We whack them, we rip them out, we poison them. We ask how to get rid of them, but never why they are there. But weeds have a purpose. Richard Mabey, author of Weeds: In Defense of Nature's Most Unloved Plants, explains.

Lynne Rossetto Kasper: Who makes this decision -- who stands on high and decides this plant is a weed and that plant is not a weed?

Richard Mabey

Richard Mabey (Elizabeth Orcutt)

Richard Mabey: I think everybody has made that decision at some stage in their life about any plant that got in their way. The first weeds only happened when human beings began cultivating plants. In choosing a plant that was going to be domestically desirable, you automatically, even without thinking, created the category of plants that were not desirable. When the latter began intruding as they instantly did into the territories that you allocated for the growing of your food plants, then the category of weed was created and the circumstances under which it would flourish were also created.

LRK: Weeds were the first foods of early man?

RM: Yes. But it's a philosophical problem if you go back that early. Let's take it out of the abstract into a specific.

One of the very early crop plants of Neolithic man was a member of the spinach family called fat-hen -- in America, it's sometimes known as lamb's quarters. In the wild, it grows in rich floodplains that are disturbed by flood tides and wild grazing animals. But as soon as those early humans began creating small settlements and enriching them with the manure of their pastured animals, fat-hen moved out of the wilderness to grow very close to humans.

It was immediately noticed and began to be used as a crop plant, both for its leaves, which resemble a spinach, but also for its large, mealy seed heads, which were made into early flours and gruels. We're talking about 5,000 years ago at this point. Fat-hen or lamb's quarters remained a rough crop plant for the next 4,000 years.

But at the point at which better spinach-like vegetables were developed and better plants were producing nutritious seeds, it changed its category into a weed. The plant itself didn't change, but we had made a decision that it was no longer a desirable plant. Ones that were had bigger leaves or grew in a more orderly way -- they were the ones that were desirable. So fat-hen dropped its status and got rebranded as a weed.

LRK: What do you feel the weed has to tell us now?

RM: First of all, we need to ask questions of them. I think we need to stop having the simple knee-jerk reflex. Here is a plant that culturally we have called a weed. We don't ask any questions about why it's there, we ask questions about how to get rid of it. I think it would be very salutary if we started asking questions about why it's there because you would then unlock a narrative about the plant in which all human history is entangled.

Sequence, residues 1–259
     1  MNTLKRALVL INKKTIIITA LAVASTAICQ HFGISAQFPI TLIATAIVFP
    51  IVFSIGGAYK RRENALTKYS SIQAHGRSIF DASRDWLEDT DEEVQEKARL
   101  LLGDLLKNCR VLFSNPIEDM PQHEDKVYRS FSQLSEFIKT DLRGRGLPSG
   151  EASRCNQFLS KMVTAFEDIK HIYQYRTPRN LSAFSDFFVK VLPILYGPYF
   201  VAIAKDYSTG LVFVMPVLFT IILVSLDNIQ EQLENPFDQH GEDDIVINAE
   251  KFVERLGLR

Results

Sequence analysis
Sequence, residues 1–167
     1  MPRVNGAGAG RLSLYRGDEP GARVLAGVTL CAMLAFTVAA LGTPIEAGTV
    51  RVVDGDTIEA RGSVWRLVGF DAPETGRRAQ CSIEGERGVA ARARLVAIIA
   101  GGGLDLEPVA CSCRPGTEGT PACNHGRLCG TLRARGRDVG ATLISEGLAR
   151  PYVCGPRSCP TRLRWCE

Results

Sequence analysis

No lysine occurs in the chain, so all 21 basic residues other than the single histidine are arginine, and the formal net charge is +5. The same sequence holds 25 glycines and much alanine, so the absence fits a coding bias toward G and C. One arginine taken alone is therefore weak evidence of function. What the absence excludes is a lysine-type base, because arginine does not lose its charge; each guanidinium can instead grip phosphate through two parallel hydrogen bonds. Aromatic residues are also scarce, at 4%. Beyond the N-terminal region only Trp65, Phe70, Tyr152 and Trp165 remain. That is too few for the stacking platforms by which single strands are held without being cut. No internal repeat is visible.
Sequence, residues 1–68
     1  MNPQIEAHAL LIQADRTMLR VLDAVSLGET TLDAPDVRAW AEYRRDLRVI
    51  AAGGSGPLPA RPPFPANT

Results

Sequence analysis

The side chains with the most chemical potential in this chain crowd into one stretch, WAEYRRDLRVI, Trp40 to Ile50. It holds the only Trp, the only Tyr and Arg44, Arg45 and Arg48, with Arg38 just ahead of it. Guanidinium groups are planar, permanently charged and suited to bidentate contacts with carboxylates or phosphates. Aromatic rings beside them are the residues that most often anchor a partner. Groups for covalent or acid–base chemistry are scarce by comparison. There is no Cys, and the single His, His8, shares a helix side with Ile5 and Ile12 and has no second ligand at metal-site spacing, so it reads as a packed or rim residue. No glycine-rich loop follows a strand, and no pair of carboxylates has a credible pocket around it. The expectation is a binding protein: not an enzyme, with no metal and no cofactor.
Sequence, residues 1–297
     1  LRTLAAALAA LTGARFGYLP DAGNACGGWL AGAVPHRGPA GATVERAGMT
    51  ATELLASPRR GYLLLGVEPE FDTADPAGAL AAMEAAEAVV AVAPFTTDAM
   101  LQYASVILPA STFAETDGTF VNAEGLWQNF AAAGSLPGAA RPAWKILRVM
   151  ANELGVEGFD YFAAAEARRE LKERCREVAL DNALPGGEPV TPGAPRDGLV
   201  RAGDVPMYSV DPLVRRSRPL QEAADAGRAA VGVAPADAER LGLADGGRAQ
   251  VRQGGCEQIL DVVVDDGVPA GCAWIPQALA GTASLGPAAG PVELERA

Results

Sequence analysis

You would begin to understand that weeds have a purpose. Their purpose in nature is to try and repair damaged ground. They classically only appear on cultivated soil in gardens, farms, battlefields and building sites. Anywhere that human beings have wrecked the soil to do projects of their own, weeds come in and try and repair it.

But there is actually a more immediate and human-centered use. All cultivated vegetables, all cultivated ornamental flowers, began with wild plants. They couldn't exist otherwise. Increasingly plant breeders are finding that the highly overbred cultivars, with a plant like the tomato, are like all highly bred organisms: increasingly susceptible to disease, vulnerable to weather changes in a way that their wild ancestors weren't. Their wild ancestors had to evolve in such a way as to be plants for all seasons.

What plant breeders are doing at the moment is going back to the weeds from which cultivated vegetables originated. They are trying to breed them back into the cultivars to see if they can recapture some of that wild vigor. They have a very practical, modern use at a time when our food stocks are threatened by all kinds of diseases of over-cultivation in their production: being the stock to which plant breeders can return.

LRK: Lessons in flourishing from a weed.  

Lynne Rossetto Kasper

Lynne Rossetto Kasper has won numerous awards as host of The Splendid Table, including two James Beard Foundation Awards (1998, 2008) for Best National Radio Show on Food, five Clarion Awards (2007, 2008, 2009, 2010, 2014) from Women in Communication, and a Gracie Allen Award in 2000 for Best Syndicated Talk Show.